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Heisler served at airfields in France during end of World War II

by Jeremy Amick | December 5, 2022 at 4:00 a.m.
Upon his arrival in France in the fall of 1945, Gus Heisler was appointed as a guard in a motor pool at a tent city known as Camp Lucky Strike. (Courtesy/Gus Heisler)


With World War II in full swing while he was in high school at Meta, Gus Heisler completed correspondence courses during the summer months, realizing he might be drafted into the military. His foresight paid off, as he was able to graduate after his junior year in the spring of 1945 and received his induction notice shortly thereafter.

"I entered the service on June 14, 1945, at Jefferson Barracks and fully expected to join the Navy and be sent to the Pacific to fight," Heisler recalled. "That's where we got our clothing issued, physicals and all of our shots, but I was told I was being sent to the Air Corps and transferred to Sheppard Field near Wichita Falls, Texas."

Throughout the next several weeks, he underwent his initial military training and moved to Scott Field, Illinois. He and his fellow trainees spent the next couple of months attending teletype school, learning Morse code and to type on tape.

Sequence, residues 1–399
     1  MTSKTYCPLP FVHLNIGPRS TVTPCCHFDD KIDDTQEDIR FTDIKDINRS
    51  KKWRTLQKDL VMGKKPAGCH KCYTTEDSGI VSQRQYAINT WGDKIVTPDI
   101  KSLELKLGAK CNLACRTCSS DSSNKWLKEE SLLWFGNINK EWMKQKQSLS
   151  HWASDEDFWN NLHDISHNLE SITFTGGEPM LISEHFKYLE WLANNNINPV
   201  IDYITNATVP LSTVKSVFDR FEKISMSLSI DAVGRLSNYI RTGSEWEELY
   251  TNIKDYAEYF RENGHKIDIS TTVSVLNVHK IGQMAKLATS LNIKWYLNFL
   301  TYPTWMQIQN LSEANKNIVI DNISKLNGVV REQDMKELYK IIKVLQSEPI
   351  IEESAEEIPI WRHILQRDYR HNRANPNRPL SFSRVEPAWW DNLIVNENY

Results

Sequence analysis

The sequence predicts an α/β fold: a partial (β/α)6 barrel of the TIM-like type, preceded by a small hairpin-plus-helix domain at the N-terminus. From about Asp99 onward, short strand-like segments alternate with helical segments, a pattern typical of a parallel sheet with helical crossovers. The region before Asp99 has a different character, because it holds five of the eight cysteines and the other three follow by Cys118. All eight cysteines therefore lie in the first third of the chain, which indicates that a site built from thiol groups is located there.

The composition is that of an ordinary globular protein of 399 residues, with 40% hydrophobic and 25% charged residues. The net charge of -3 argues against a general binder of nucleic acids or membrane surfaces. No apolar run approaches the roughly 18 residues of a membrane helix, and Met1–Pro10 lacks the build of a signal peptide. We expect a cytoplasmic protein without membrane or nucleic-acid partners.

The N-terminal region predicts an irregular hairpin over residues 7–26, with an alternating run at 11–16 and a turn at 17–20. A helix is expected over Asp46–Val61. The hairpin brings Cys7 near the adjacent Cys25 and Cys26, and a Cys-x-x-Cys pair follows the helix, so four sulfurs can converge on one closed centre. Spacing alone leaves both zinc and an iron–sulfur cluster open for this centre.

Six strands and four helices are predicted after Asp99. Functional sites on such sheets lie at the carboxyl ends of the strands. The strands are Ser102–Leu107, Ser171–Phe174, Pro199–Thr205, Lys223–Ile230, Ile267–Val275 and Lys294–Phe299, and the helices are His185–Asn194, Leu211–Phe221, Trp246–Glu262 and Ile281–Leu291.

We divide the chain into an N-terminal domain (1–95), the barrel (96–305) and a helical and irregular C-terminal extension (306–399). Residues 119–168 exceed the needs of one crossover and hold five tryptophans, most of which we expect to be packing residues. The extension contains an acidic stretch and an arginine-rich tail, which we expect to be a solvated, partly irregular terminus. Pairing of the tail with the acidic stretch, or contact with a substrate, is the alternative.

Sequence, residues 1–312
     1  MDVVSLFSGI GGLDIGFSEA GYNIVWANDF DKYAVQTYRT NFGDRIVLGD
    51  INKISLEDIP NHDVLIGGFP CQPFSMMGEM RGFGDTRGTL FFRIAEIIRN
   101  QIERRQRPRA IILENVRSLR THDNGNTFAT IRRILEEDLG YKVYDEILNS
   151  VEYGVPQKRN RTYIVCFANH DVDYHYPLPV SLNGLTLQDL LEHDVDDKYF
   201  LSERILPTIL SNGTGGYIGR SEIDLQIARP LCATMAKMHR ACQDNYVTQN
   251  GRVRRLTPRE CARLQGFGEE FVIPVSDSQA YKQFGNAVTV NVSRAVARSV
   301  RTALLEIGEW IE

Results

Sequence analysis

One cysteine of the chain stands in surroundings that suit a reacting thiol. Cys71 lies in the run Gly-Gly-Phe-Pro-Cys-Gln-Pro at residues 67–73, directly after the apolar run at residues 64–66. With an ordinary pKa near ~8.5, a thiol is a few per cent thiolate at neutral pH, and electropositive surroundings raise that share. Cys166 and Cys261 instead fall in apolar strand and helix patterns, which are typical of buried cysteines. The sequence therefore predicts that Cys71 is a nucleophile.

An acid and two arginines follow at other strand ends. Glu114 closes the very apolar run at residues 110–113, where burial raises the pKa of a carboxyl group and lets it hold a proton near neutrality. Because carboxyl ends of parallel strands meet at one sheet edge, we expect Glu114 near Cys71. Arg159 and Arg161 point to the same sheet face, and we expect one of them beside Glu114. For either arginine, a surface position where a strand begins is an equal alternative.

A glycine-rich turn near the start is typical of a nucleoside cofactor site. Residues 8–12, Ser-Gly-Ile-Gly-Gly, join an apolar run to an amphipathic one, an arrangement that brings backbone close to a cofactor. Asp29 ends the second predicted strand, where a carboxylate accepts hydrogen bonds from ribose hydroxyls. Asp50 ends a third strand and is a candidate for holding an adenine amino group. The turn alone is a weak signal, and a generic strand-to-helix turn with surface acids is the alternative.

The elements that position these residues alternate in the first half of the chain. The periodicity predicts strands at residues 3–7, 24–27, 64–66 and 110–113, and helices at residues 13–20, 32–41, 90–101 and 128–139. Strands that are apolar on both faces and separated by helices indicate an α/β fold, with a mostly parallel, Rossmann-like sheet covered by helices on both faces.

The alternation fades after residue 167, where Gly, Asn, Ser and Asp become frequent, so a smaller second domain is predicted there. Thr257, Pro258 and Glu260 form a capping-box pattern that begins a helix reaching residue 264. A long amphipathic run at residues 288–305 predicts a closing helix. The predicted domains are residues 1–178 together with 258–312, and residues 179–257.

"I had learned to type in high school, which is probably why I was sent to the school," he said. "On the weekends, I was allowed to take the bus or the train back to visit my family in Meta."

In the weeks following the surrender of Japan and the end of World War II, Heisler was sent to Monroe, Louisiana, and received additional inoculations in preparation for deployment. In October 1945, he boarded the USS America and began the eight-day overseas journey.

Arriving at Le Havre, France, his group soon moved to a location 45 miles away known as Camp Lucky Strike.

"We arrived at the camp -- a big tent city -- sometime around midnight," Heisler recalled. "The first thing they did was give me guard duty, carrying a gun with no ammunition, in a large motor pool."